Try CBT again and also purchase the book "CBT for Dummies", that helped me with anxiety issues in the past.

I appreciate you're doing everything you can to help this and I applaud you for that. It must be really difficult for you, but even more so for your partner. You will eventually become a burden to him.

I think some counselling around early childhood will help. My best friend is VERY much like you and she was an only child too - her parents pandered to her every need, were then whenever she wanted them to be, took her wherever she wanted etc. and now she struggles not being the centre of somebody's world 100%.

gatewalker Fri 17-Jul-15 12:50:32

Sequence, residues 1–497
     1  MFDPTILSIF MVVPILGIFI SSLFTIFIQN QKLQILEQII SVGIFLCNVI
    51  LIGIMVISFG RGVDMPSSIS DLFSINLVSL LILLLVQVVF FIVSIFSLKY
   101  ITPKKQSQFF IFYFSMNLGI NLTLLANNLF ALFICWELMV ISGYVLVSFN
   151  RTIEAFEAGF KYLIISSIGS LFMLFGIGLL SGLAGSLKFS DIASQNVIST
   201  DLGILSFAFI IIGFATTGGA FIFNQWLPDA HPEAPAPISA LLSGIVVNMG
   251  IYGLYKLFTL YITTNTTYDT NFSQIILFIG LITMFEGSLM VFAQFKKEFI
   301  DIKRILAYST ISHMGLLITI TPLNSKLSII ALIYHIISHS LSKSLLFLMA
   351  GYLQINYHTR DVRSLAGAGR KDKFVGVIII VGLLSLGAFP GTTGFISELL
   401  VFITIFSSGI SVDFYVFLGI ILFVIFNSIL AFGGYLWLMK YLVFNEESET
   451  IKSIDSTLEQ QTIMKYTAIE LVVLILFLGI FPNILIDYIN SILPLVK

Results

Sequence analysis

CBT will not work for this, I almost guarantee it -- and neither will any therapy with a basis in the present.

OP, has any of your therapy been 'depth therapy', i.e. psychodynamic/basis in the past? If not, then I would suggest that is where you start. Anything else will simply be scratching the surface of a pattern that feels primal to me.

Tazzyduffy Fri 17-Jul-15 13:25:33

Yes I've had 2 years of psychodynamic psychotherapy.

woowoo22 Fri 17-Jul-15 13:28:47

How bad was it before the wedding? You know on a rational level it is utterly unacceptable to be like this, which makes me think you must be able to change, given the correct support.

gatewalker Fri 17-Jul-15 13:58:03

And did you start to get to the bottom of the fears there? Did you feel any progress was made?

Tazzyduffy Fri 17-Jul-15 14:44:56